For a long time Downtown Crossing has always been "five years away" from being a hot destination. When I opened a bar on Bromfield Street almost 17 years ago, the Suffolk Law School building was a hole in the ground and Hotel Nine Zero was a pile of rubble from a restaurant that had closed a decade before. Just as things were improving, 9/11 dramatically impacted the economy everywhere and our area, of course, was no exception. Filene's closed. Many retail businesses did the same.
But there's light at the end of the tunnel. I've always said (to anyone who might care to listen) that restaurants and bars just might be the savior of downtown. Recently, Stoddard's and JM Curley on Temple Street have entered that void. Now, go a bit further up Tremont Street and turn left. Enter Carrie Nation at 11 Beacon, running with the baton of renewed area nightlife interest, particularly in regard to cocktails. The space is very big and beautiful too, which is a little deceptive from the exterior. But to me, that's what is great about old downtown, old facades, businesses tucked around a corner just off a main street.
Industry veteran Brian Mantz heads the bar program, and he's like a kid in a candy store. "Josh, this is a dream job, I get to do my hobby for a living!" is one of the first things he says to me when I walked in interrupting his lunch (working a double) the other day. His enthusiasm is clear by a great cocktail list and a very extensive American whiskey selection. His side job clearly helps- he is a brand ambassador for one of my favorites- Angel's Envy Bourbon. As we sat together looking over his list, I suggested he maybe make a drink or two. He pulled out classics, much like the space and overall restaurant itself.
He does an Old Fashioned Old Fashioned, Bulleit rye, sugar, bitters. If you like, he puts an orange and a cherry on the glass. His Sazerac is very old school too, not made with rye, but Cognac. Hennessy, Pechaud bitters, Demerara simple syrup, Herbsaint rinse. However there's also new: try The Million Dollar Cup, Hendrick's gin, lemon, Chambord, egg, raspberries and bubbles.
Carrie Nation is named, of course, after the temperance movement crusader, who would enter a drinking establishment with a hatchet, creating obvious havoc. No ghost of her here (although she may be rolling over in her grave); the front room is large and beautiful, with a nod to the past- red leather, turn of the century fixtures. Even more my speed, check out the dark and well appointed back room, complete with two old billiard tables- you'll fell like it's 1915 and Carrie herself might bust in at any moment. Fear not though, Brian will just fix you another cocktail.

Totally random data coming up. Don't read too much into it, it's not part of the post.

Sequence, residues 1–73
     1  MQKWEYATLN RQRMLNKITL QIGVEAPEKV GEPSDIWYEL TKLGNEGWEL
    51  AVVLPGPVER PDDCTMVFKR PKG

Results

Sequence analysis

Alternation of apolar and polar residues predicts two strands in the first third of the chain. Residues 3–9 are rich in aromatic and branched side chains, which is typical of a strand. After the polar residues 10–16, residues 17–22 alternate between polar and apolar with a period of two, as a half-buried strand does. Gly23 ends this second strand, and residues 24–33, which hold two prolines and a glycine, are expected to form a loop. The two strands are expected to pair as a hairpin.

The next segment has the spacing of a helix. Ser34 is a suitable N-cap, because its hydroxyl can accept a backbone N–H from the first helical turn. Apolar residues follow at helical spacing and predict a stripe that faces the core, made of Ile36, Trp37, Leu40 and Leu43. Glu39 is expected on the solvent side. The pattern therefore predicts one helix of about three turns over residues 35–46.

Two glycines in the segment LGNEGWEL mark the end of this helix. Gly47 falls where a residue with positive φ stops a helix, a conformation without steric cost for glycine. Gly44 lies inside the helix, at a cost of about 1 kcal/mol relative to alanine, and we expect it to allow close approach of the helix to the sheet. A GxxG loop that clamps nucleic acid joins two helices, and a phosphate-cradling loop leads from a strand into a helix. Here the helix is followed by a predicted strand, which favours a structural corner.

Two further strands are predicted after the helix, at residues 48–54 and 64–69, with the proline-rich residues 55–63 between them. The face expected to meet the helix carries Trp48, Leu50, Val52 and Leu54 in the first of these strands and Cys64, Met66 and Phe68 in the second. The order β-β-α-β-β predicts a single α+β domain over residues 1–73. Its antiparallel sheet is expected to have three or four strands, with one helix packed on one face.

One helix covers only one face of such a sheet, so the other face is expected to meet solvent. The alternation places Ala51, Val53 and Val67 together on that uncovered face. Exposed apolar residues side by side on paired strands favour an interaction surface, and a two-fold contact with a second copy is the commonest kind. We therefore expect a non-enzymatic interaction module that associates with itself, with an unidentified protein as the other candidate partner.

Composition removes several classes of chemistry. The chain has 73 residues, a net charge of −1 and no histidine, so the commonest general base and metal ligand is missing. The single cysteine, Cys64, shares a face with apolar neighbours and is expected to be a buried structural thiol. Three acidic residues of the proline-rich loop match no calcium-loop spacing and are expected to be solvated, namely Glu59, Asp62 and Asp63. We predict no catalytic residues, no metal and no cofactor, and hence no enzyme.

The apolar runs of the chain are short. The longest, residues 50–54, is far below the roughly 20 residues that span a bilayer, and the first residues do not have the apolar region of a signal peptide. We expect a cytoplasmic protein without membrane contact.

What could be better than enjoying the end of summer and Labor Day in beautiful Provincetown? I know- being there and having a cocktail made by David Flower at
Ten Tables. They have a full bar at this location, and David works directly with chef
Eric Cooper to design a bar program that works hand in hand with the dinner menu. David says "I sit down with Eric every week and review produce that he will be using in his dishes to see if there are any selections that might work well in cocktails. We often share ingredients that way, it's such a pleasure to work in synch with the kitchen." With this in mind I'm drinking his Beet Martini- unexpectedly delicious with ginger, citrus and mint. David does recognize that "people have a love or loath relationship with beets. The ones that don't like them always say the same thing- 'they taste like dirt.' I think they taste sweet and savory." A lot of people seem to agree (me too), it's one of the most popular drinks on the list.
Beet Martini by David Flower
2 oz Beet Infused Vodka (I use Ketel)
.5 oz Fresh Squeezed Lemon Juice
.5 oz Fresh Squeezed Lime Juice
.75 oz of Domaine Canton Ginger Liquor (you can also make your own ginger infused simple syrup)
dash of Fees Brothers grapefruit bitters to balance the sweet and sour (optional)
fresh Mint Sprig
Shake all liquid ingredients in a shaker over ice. Slap the mint sprig and place in a chilled martini glass. Pour shaker into glass and serve.
Another heatwave will come eventually to our fair city, and let's be ready. An anti-heat crusade needs a secret weapon and ally: Paulo Pereira at Vinebrook Tavern in Lexington. I've confessed to him that I normally might not order this kind of thing, but after a sip he's put me in a time machine and made me a believer. It's a hot summer night in the Washington, DC of my youth and I'm eating a popsicle, no a creamsicle, and nothing could taste better.
.5 oz cream, .75 oz oj, .75 oz Triple 8 Vanilla, .5 oz Skyy Citrus, .5 oz simple syrup,
5 drops Bittermens Orange Cream bitters. Shake, strain over crushed ice in a double old fashioned glass. Mint leaf garnish.
One of the greatest bars in town did Boston proud down in NOLA at Tales of the Cocktail. The prestigious Bare Knuckle Bar Fight featured 7 invited bars and their respective bartending teams from around the country. Go figure, the "People's Choice" winner? Citizen Public House and Oyster Bar on Boylston Street behind Fenway, and what a team it is. Led by the talented, funny, charming, intelligent, beautiful (let's see if I can get some more adjectives in here): Joy Richard and Sabrina Kershaw. By the way, as if this wasn't impressive enough, Sabrina was also voted "Top 10 mixologists to watch." Chad Arnholt of Trick Dog fame in San Francisco (and former employee) made the trek to assist too, plus other local all-stars, Sean Frederick, John Nugent, Pam Maguire, David Delaney, Jr. and Nick Korn. In fact, Citizen is so good that one of my favorite bartenders in town, Jason Cool, stayed back to mind the fort- now that's dedication. Dream Team.
My message here today is short and sweet- get over and see these folks, it's one of the best spots in America, right in our back yard.